HL Deb 19 November 1946 vol 144 cc138-40

2.42 p.m.

Order of the Day for the Second Reading read.


My Lords, in moving the Second Reading of this Bill, I do not know that it is really necessary for me to make any declaration of interest, but perhaps, for the sake of greater caution, I should say that I hold the appointment, the purely honorary appointment, of Patron of the London Trustee Savings Bank. The trustee savings banks have asked that legislation shall be introduced to give effect to certain requirements which have arisen in the course of their experience. Your Lordships will be aware that the trustee savings banks have been in operation for a period far longer than the Post Office Savings Bank. In deed, they have a respectable history stretching back for 150 years, and they have made a most valuable contribution to the Whole movement in favour of savings, as is indicated by the fact that to-day their deposits amount to some £500,000,000 and their accumulated surplus to about £16,000,000.

The legislation which we are anxious to see enacted relates to the internal administration of the trustee savings banks. They are governed by a long series of Statutes stretching over a long period of years. Under the Savings Banks Act of 1929 they were entitled to establish pensions for their employees on very much the same lines as Civil Service pensions. Those pensions were to be paid from the general funds, which were operated under the general supervision of the Committee of Inspection responsible to the Commissioners of the National Debt. The trustee savings banks are now anxious to have authority, which they have not hitherto possessed, to set aside special reserves for the purpose of ensuring these pensions. They are also anxious to have authority (which, again, they have not hitherto possessed) to establish contributory pensions schemes such as prevail amongst so many industrial and commercial institutions. There is also a minor point dealt with in the Bill. It is desired that if an employee of one trustee savings bank should move to another trustee savings bank he should be able, so to speak, to carry his rights with him. This Bill, as drafted, will give mobility to the employees' position. It will also include within its purview the staff of the Committee of Inspection and of the Trustee Savings Banks Association.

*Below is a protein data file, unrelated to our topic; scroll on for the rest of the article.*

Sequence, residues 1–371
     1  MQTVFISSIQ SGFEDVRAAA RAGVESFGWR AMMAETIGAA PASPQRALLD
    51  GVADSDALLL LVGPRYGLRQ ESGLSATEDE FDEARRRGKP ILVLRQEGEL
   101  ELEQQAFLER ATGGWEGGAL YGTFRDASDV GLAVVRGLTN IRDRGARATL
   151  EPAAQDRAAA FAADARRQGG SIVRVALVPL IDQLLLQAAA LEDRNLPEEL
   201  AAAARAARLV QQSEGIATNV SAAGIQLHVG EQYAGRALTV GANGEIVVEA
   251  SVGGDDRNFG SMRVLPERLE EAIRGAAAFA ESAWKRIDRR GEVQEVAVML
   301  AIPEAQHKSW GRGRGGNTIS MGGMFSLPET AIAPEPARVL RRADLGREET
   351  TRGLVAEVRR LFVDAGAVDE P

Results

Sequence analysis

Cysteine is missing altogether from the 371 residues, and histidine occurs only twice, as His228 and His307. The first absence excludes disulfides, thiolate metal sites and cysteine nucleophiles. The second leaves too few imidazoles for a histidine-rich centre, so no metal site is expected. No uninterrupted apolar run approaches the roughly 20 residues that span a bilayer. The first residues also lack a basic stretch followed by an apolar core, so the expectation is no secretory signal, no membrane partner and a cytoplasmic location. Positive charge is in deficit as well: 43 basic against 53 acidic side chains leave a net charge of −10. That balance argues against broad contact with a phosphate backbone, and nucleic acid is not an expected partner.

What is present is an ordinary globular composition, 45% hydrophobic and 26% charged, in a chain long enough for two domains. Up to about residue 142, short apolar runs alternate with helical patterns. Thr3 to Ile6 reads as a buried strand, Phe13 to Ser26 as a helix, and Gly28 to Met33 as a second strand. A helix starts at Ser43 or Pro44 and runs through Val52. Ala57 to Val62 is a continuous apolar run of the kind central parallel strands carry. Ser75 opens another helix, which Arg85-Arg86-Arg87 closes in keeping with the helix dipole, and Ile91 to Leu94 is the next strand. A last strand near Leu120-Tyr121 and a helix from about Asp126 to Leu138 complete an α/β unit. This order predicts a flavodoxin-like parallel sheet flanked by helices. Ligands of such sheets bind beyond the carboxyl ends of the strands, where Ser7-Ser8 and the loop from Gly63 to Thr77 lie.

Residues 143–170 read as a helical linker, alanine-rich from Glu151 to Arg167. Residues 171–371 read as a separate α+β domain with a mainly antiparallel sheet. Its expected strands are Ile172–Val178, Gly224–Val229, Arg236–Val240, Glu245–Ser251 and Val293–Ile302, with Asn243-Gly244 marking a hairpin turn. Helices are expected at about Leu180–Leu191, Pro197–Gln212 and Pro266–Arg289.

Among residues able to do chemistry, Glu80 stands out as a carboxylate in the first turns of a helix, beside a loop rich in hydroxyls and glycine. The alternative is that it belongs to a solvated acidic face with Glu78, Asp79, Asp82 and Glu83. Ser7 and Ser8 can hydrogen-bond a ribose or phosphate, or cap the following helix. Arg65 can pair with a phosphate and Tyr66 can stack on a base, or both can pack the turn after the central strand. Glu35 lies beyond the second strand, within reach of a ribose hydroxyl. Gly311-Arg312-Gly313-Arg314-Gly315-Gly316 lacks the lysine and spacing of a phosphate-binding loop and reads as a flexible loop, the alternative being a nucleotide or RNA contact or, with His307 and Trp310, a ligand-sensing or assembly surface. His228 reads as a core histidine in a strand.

From what I have said so far, it will be seen that this is a question of assisting the trustee savings banks with certain legislative powers in relation to pensions. There is another matter, not directly related to that, for which it is desired that provision should be made. The trustee savings banks have power to create new branches, and to apply funds for that purpose; but they have no power to assist in the creation of new banks. Very often, in various parts of the country, for one reason or another, it is desirable that a new bank should be established, rather than a new branch of an existing bank. Power is sought for existing banks to be able to find money from their reserves for the creation of new trustee savings banks. This Bill, which follows legislation extending over many years, is rather complicated in character, but I have told your Lordships—I hope faithfully—its general purport. I am very ready, of course, to deal with the clauses, but unless your Lordships desire it I will content myself by moving that the Bill be now read a second time.

Moved, That the Bill be now read 2a.—(Lord Nathan.)


My Lords, as far as we on these Benches are concerned, this Bill is completely non-controversial and, indeed, is a good measure. We are much obliged to the noble Lord for introducing it.

On Question, Bill read 2a, and committed to a Committee of the Whole House.